Reporting or Opportunism?

Sometime in December 1943, Navy photographer Charles Kerlee took this photo of a scene on Tarawa.

Tarawa, as you probably know, had just been captured in a bloody battle only a few weeks earlier.  There are many scholarly works I could cite to explain why some marine or marines decided to use an enemy skull in such a grim, macabre manner.  Doesn’t matter.  We, as a civilized society, consider it a transgression.  It’s taboo.  It’s wrong.  But it is a line that is sometimes crossed in war.

Kerlee’s photo went to the Navy’s files.  It was not released to the press.  Newspaper photographers captured many scenes like this during the war.  The photos emerged over the years from the files, but few were run in the newspapers during World War II.  Society – American society – just did not allow newspapers and magazines to run them.

For example, Life Magazine ran this photo in the May 22, 1944 issue (page 35 if you wish to browse the issue):

May 22, 1944 Life Magazine Picture of the Week...

The caption reads, “Arizona war worker writes her Navy boyfriend a thank-you note for the Jap skull he sent her.”  (And I think the expression on her face says a lot.)

I’ve not traced the definitive facts on the girlfriend and her Navy boyfriend.  Most secondary sources state he received some punishment, and of course the service issued statements explicitly condemning the action.  The public reaction to this photo was almost completely negative.  It is one thing to see depictions of the enemy’s wartime atrocities.  But it is another entirely to see atrocities acted out by one’s own.  After posting this photo, and a few others showing mutilations (such as a burned head on top of a knocked out Japanese tank), Life agreed to stop running such depictions. The editorial staff recognized the negative impact on the magazine’s, military’s, and nation’s reputation.  The magazine might, seizing the opportunity that grisly photos offer, sell a few more copies, but would loose in the long run.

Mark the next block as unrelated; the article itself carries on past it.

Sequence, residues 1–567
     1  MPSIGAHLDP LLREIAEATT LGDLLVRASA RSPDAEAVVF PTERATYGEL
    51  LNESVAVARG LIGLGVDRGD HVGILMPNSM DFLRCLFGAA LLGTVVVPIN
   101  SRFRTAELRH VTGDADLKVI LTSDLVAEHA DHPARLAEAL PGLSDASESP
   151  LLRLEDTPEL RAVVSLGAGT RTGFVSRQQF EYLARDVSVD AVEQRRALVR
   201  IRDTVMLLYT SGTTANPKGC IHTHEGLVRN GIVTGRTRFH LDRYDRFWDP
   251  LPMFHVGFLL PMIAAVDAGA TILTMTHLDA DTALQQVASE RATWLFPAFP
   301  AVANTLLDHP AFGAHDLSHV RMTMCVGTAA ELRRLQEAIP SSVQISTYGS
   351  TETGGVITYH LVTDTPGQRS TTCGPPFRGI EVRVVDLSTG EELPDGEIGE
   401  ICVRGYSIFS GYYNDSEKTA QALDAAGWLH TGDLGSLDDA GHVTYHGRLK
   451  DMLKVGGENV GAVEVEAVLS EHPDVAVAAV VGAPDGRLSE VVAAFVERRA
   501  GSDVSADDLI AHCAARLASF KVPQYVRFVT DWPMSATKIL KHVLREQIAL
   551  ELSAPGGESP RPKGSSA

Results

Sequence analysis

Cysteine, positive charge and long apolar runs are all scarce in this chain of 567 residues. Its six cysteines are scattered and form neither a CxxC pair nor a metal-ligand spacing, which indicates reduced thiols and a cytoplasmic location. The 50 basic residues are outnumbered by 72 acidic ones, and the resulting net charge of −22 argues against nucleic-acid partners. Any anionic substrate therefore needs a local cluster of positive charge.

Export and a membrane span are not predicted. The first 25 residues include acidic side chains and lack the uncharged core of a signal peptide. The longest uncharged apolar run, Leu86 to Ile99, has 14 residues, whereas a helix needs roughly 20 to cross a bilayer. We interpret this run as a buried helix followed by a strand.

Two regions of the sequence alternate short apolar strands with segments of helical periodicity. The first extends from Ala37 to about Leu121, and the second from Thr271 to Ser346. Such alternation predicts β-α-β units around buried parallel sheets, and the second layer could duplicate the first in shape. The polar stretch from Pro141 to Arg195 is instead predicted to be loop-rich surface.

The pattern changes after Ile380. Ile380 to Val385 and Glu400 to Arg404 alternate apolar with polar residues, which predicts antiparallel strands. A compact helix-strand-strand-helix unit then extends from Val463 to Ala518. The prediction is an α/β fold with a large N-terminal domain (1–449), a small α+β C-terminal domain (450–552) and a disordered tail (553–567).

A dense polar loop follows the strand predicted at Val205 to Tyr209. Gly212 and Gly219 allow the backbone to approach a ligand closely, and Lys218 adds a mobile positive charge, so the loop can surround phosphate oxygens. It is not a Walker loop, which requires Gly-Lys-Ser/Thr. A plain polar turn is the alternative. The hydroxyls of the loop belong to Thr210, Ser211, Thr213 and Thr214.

Same country, same military, very similar situation….. different editorial staff:

Times Editor Davan Maharaj said, “After careful consideration, we decided that publishing a small but representative selection of the photos would fulfill our obligation to readers to report vigorously and impartially on all aspects of the American mission in Afghanistan, including the allegation that the images reflect a breakdown in unit discipline that was endangering U.S. troops.”

Thus the Los Angeles Times justifies their editorial decision.

11 thoughts on “Reporting or Opportunism?”

  1. I sort of like the last bit of their justification, to be perfectly honest: “… including the allegation that the images reflect a breakdown in unit discipline that was endangering U.S. troops.” It pairs particularly nicely with the images from WWII.

    1. So are there corresponding reports… sourced reports… of the breakdown of unit discipline? And do they, in good journalistic tradition, attempt to identify the reason for this alleged breakdown in unit discipline? Just seems like a lame, hollow justification to me.

      Personally the problem I have with the justification is the first part… you know where they reference a policy of impartiality.